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Neuroleptic and benzodiazepine use in long-term care in urban and rural Alberta: characteristics and results of an education intervention to ensure appropriate use

Published online by Cambridge University Press:  25 October 2005

Brad F. Hagen
Affiliation:
School of Health Sciences, The University of Lethbridge, Canada
Chris Armstrong-Esther
Affiliation:
School of Health Sciences, The University of Lethbridge, Canada
Paddy Quail
Affiliation:
Department of Family Medicine, The University of Calgary, Canada
Robert J. Williams
Affiliation:
School of Health Sciences, The University of Lethbridge, Canada
Peter Norton
Affiliation:
Department of Family Medicine, The University of Calgary, Canada
Carole-Lynn Le Navenec
Affiliation:
Faculty of Nursing, The University of Calgary, Canada
Roland Ikuta
Affiliation:
Senior's Health, Chinook Health Region, Canada
Maureen Osis
Affiliation:
Faculty of Nursing, The University of Calgary, Canada
Val Congdon
Affiliation:
Rural Health, Calgary Health Region, Canada
Roxane Zieb
Affiliation:
Calgary Health Region, Canada

Abstract

Objectives: To examine the use of psychotropic drugs in 24 rural and urban long-term care (LTC) facilities, and compare the effect of an education intervention for LTC staff and family members on the use of psychotropic drugs in intervention versus control facilities.

Methods: Interrupted time series with a non-equivalent no-treatment control group time series. Data on drug use were collected in 24 Western Canadian LTC facilities (10 urban, 14 rural) for three 2-month time periods before and after the intervention. Pharmacy records were used to collect data on drug, class of drug, dose, administration, and start/stop dates. Chart reviews provided demographics, pro re nata (prn) use, and indications for drug use. Subjects comprised 2443 residents living in the 24 LTC facilities during the 1-year study. An average of 796.33 residents (32.7%) received a psychotropic drug. An education intervention on psychotropic drug use in LTC was offered to intervention physicians, nursing staff, pharmacists and family members.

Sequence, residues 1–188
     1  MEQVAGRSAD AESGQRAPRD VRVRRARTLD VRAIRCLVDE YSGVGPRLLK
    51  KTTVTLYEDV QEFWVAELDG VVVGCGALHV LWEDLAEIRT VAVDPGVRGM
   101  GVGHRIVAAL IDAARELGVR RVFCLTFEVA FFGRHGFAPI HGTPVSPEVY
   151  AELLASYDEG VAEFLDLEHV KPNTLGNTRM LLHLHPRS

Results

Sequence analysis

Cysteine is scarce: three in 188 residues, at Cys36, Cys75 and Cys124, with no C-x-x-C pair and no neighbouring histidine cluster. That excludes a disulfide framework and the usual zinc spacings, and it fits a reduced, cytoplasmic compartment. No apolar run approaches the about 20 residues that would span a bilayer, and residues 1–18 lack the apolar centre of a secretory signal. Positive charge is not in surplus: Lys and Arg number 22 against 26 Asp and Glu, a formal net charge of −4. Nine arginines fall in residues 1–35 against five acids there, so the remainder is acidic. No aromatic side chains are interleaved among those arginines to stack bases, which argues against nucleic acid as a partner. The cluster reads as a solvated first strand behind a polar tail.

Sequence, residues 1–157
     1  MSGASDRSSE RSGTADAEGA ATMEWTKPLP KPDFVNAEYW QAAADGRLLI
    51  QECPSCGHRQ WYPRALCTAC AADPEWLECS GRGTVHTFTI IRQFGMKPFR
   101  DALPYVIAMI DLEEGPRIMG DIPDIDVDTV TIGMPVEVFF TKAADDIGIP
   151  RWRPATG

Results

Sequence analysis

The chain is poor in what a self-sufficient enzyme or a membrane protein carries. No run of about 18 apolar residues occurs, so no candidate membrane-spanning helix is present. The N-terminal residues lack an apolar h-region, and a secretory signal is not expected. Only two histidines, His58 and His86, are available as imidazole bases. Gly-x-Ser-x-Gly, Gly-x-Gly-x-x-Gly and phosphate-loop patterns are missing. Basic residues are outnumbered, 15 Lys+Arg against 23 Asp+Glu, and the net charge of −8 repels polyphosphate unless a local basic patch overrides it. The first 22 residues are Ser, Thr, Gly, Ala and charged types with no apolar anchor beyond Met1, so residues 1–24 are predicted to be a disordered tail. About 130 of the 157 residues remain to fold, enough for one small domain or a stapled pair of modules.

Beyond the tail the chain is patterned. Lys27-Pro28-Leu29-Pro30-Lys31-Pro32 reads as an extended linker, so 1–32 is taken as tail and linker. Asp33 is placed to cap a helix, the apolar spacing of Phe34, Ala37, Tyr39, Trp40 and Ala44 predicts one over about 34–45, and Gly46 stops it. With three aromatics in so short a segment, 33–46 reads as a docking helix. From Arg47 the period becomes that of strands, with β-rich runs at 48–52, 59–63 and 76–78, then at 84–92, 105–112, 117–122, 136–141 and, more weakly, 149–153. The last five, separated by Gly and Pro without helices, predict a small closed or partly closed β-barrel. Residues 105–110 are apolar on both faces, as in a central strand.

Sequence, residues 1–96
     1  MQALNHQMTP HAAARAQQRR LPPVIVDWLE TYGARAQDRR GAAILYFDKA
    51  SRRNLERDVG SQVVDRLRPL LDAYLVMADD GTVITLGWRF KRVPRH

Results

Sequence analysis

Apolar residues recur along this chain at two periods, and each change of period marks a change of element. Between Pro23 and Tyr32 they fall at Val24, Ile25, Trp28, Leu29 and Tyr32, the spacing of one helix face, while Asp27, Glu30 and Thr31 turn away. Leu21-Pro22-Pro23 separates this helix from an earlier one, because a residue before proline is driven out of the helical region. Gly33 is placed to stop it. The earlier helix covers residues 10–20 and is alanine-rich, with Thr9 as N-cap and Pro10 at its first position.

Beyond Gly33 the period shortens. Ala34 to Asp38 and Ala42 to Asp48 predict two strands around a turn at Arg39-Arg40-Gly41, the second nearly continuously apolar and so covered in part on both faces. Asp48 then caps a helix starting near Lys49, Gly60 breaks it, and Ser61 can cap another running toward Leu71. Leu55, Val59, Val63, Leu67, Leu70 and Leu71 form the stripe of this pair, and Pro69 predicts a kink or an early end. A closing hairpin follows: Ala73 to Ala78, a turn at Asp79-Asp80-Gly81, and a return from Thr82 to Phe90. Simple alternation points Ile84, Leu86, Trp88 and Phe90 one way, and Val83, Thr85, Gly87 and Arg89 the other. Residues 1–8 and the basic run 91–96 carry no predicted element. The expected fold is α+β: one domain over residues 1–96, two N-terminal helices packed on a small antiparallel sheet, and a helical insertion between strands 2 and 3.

Results: Approximately one-third of residents received a psychotropic drug during the study, often for considerable lengths of time. A minority of psychotropic drug prescriptions had a documented reason for their use, and 69.5% of the reasons would be inappropriate under Omnibus Budget Reconciliation Act (OBRA) legislation. Few psychotropic drug prescriptions were discontinued or reduced during the study. More urban LTC residents received neuroleptics and benzodiazepines than their rural counterparts (26.1% vs. 15.7%, and 18.0% vs. 7.6%, respectively). The education intervention did not result in any significant decline in the use of these drugs in intervention facilities.

Conclusion: The results suggest substantial use of psychotropic drugs in LTC, although rural LTC residents received approximately half the number of psychotropic drugs compared with urban residents. A resource-intensive intervention did not significantly decrease the use of psychotropics. There is a need for better monitoring of psychotropic drugs in LTC, particularly given that voluntary educational efforts alone may be ineffective agents of change.

Type
Research Article
Copyright
© International Psychogeriatric Association 2005

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